T7 helicase uses the energy of dTTP hydrolysis for translocation and unwinding of duplex DNA3,7–9. Using an all-or-none radiometric assay carried out under single-turnover conditions10, we measured the unwinding activity of T7 helicase on the 30-bp replication substrate (Fig. 2a,b). T7 helicase was preincubated with the replication substrate (Fig. 2a) in the presence of dTTP without Mg2+ (conditions that allow assembly of the protein on the DNA, but no unwinding), and reaction was started by rapid addition of Mg2+. T7 helicase unwinds the replication substrate at an average rate of 9 bp s−1 in the absence of T7 DNA polymerase (Fig. 2b). In the presence of T7 DNA polymerase, saturating dTTP, with the rest of the 3 dNTPs at 100 μM, conditions under which T7 DNA polymerase is capable of incorporating nucleotides at its maximal rate, the unwinding rate of T7 helicase was 114 bp s−1 (Fig, 2b,c). This is about a 13-fold enhancement in the unwinding rate of T7 helicase.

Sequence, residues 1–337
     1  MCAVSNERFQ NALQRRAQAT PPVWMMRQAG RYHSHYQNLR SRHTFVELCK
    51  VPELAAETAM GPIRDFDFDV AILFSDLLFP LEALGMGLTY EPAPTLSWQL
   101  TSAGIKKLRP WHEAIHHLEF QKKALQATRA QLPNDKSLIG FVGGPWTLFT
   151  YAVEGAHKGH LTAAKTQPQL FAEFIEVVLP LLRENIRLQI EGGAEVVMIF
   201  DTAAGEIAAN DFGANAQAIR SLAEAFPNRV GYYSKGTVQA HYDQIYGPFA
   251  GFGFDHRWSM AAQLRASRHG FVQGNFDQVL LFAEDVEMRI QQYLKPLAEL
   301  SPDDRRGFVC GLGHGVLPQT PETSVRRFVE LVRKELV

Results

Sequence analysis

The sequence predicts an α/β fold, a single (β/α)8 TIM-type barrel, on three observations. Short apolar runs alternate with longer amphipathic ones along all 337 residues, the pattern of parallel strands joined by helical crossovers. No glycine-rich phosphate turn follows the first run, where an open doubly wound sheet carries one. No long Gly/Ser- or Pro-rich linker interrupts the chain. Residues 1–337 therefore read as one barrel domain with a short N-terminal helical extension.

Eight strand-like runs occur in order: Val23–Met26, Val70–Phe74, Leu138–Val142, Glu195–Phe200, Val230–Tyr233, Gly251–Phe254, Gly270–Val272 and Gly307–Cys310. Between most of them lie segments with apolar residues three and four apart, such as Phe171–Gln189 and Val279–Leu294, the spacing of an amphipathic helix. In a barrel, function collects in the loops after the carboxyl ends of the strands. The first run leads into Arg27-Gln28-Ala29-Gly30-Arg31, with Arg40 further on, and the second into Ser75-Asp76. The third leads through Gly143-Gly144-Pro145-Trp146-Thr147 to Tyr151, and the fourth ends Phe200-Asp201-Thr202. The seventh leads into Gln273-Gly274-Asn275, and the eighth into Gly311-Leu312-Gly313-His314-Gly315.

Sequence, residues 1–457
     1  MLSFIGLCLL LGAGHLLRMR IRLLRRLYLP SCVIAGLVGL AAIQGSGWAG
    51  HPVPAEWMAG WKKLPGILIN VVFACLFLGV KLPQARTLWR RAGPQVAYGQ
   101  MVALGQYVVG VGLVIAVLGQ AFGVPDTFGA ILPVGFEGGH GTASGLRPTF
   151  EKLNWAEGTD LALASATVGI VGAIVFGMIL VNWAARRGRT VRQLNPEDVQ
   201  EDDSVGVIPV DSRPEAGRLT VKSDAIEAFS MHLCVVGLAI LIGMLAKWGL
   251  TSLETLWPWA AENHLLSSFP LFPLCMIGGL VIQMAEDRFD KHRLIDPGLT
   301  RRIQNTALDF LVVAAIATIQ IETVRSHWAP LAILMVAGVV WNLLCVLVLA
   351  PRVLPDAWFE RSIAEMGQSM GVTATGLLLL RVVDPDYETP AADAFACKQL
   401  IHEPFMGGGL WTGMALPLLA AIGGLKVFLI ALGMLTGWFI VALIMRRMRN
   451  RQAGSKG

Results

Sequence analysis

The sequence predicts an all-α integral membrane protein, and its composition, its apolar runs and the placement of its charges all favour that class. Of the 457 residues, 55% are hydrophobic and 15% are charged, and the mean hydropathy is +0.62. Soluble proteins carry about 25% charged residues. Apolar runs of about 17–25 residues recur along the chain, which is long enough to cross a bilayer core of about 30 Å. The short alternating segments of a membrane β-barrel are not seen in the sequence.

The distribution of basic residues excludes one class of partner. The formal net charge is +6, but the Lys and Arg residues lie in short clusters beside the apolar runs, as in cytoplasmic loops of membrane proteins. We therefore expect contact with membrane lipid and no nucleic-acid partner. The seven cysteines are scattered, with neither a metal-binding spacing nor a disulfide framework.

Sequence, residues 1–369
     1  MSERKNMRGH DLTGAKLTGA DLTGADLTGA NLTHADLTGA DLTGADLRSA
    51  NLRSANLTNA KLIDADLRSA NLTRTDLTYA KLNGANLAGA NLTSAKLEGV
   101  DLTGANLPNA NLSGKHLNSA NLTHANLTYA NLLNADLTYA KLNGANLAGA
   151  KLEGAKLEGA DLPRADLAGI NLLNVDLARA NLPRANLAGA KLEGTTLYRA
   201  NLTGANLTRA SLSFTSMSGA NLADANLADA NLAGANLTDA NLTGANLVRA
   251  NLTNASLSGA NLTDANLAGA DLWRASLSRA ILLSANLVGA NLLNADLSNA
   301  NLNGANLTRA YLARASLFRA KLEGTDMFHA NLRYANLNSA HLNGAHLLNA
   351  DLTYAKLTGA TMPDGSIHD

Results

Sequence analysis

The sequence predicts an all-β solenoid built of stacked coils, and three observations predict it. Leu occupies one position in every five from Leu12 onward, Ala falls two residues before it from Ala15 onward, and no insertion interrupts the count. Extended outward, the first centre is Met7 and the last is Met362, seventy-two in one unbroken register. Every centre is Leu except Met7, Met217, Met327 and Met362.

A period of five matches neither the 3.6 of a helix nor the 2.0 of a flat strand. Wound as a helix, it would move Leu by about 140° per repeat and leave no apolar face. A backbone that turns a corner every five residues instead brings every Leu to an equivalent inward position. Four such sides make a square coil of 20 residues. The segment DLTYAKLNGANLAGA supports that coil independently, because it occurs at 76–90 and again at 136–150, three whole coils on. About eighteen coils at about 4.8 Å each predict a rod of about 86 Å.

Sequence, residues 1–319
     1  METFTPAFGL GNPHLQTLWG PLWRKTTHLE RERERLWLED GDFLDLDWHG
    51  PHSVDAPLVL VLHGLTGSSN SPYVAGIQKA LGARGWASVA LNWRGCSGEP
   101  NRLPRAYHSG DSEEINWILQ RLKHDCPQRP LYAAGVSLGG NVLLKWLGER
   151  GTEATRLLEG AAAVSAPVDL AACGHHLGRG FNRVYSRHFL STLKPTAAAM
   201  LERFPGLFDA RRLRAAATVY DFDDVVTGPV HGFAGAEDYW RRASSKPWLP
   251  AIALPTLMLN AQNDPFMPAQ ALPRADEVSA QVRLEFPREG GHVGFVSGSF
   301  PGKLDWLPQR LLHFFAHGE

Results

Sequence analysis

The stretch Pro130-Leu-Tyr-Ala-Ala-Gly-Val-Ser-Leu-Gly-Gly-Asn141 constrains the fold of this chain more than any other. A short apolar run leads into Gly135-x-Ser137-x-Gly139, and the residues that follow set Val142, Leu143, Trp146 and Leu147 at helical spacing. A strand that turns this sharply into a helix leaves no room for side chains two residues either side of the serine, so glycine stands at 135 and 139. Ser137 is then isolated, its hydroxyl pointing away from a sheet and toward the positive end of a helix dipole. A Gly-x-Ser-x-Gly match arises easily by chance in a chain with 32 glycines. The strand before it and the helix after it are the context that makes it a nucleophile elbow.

We find that the helicase rate stimulation depends on the rate of DNA synthesis, which, in turn depends on dNTP concentrations (Fig 1b). T7 helicase uses only dTTP as an energy source for unwinding (Kd ~ 80 μM)3 and other dNTPs do not support DNA unwinding8. To investigate the effect of DNA synthesis rate on helicase rate stimulation, we varied the concentration of 3 dNTPs while keeping dTTP at 1 mM. The observed unwinding rate increases with increasing dNTP in a hyperbolic fashion with a K1/2 identical to the one for DNA synthesis (Fig. 1b) and Vmax of 130 bp s−1(Fig. 2c). These results show that a) the unwinding rate of T7 helicase depends on the speed of T7 DNA polymerase, and b) when the DNA polymerase can incorporate nucleotides at a rate much faster than the translocation rate of the helicase, it stimulates the helicase to unwind DNA at the rate of its translocation along ssDNA (130 nt s−1)2.